Teaming Up With Waitrose Would 'Make Perfect Sense' For Amazon: Analyst

By Steve Wynne-Jones
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Teaming Up With Waitrose Would 'Make Perfect Sense' For Amazon: Analyst

While the John Lewis Partnership has denied suggestions that online giant Amazon made a bid to purchase Waitrose last year, that hasn't stopped industry experts from speculating on what such a tie-up could look like.

According to last weekend's Sunday Times, last November, Amazon approached John Lewis's management about acquiring the upmarket grocery banner.

This claim has since been vehemently denied by the high-street retail group.

"These times are ripe for speculation, but there has been no approach to the partnership by Amazon regarding Waitrose, and nor would I expect there to be," Charlie Mayfield, chairman of the John Lewis Partnership commented in a statement seen by ESM.

Major Move

According to David Jinks, head of consumer research at online fulfilment firm ParcelHero, were the two retailers to come together, the creation of a 'Waitrose Prime Now' service would be a masterstroke for Amazon, particularly in the London area.


"Waitrose’s generally well-heeled customer base would be a great fit for Amazon," Jinks commented. "These are the kind of consumers who are willing to spend extra to receive quality groceries at a time that’s most convenient."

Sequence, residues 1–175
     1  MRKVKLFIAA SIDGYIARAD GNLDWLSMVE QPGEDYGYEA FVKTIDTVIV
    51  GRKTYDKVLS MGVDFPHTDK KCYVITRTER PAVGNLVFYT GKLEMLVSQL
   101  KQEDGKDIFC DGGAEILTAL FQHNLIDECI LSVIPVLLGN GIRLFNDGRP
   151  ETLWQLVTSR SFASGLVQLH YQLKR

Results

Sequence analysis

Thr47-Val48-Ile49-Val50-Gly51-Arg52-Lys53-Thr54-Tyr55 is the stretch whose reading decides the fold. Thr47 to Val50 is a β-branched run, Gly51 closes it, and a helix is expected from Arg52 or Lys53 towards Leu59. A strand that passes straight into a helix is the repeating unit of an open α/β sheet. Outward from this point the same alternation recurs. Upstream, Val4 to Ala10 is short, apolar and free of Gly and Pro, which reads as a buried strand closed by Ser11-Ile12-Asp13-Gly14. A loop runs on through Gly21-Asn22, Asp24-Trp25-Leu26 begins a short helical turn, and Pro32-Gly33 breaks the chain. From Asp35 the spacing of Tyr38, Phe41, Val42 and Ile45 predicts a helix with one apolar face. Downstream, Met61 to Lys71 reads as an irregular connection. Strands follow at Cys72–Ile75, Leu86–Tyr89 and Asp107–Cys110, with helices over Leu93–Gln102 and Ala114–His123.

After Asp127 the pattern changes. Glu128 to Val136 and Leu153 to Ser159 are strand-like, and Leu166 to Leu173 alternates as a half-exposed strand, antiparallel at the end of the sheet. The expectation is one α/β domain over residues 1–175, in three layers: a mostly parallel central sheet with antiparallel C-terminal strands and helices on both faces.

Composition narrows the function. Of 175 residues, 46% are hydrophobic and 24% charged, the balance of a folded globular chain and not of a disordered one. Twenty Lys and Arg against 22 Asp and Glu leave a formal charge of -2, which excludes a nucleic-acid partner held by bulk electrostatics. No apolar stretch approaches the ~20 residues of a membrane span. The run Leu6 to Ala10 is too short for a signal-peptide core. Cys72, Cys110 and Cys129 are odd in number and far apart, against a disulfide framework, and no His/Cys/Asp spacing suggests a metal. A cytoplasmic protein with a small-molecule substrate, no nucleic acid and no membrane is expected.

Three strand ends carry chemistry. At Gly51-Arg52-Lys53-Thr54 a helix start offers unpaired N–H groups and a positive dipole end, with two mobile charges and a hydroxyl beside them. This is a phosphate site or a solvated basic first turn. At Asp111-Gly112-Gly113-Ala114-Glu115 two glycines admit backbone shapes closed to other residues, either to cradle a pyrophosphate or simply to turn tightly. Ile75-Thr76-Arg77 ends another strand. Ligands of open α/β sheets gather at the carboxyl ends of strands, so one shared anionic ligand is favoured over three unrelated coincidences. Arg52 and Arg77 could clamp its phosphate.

"That means they would be a natural fit into Amazon’s Prime loyalty programme to ensure same-day, flexible grocery delivery times, and that’s the real goal for Amazon, as Prime members spend twice as much as non-members with the e-commerce giant."

Amazon Prime Now specialises in one- or two-hour deliveries, depending on postcode, and were a Waitrose-Amazon 'marriage' to materialise, the online player "could greatly expand the range of its Fresh and Prime Now grocery delivery services – many of which are restricted to a handful of major urban areas – into the many towns where is currently a Waitrose store".

Waitrose operates some 350 stores across the UK. Amazon recently reported a 43% increase in first-quarter revenue.


General Merchandise

"Amazon could use the Waitrose stores much as Sainsbury’s has used Argos, easily integrating Amazon’s general merchandise e-commerce business into a supermarket," commented Jinks.

"In terms of grocery deliveries, Waitrose was a pioneer with its Ocado-based services, but that relationship went rather sour, and in recent years, Waitrose has slightly lost its way in the grocery delivery revolution. Amazon’s infrastructure could transform the delivery choices Waitrose offers its customers," he added.

As to the John Lewis Partnership's denial that any formal talks took place, Jinks added that it's "easy to see why" nothing materialised, saying, "The current Waitrose-John Lewis tie-in makes too much sense, as it gives the partnership protection if one sector does less well than the other on the high street, just the same way as M&S have a department-store/food-store balance.

"Amazon might be seen as an organisation that would dilute the essence of the Waitrose brand, as some analysts say has happened with its takeover of the upmarket deli chain Whole Foods in the US," he said.


ParcelHero has published a report on Amazon's ambitions for its Prime service, which can be found here.

© 2018 European Supermarket Magazine – your source for the latest retail news. Article by Stephen Wynne-Jones. Click subscribe to sign up to ESM: European Supermarket Magazine.

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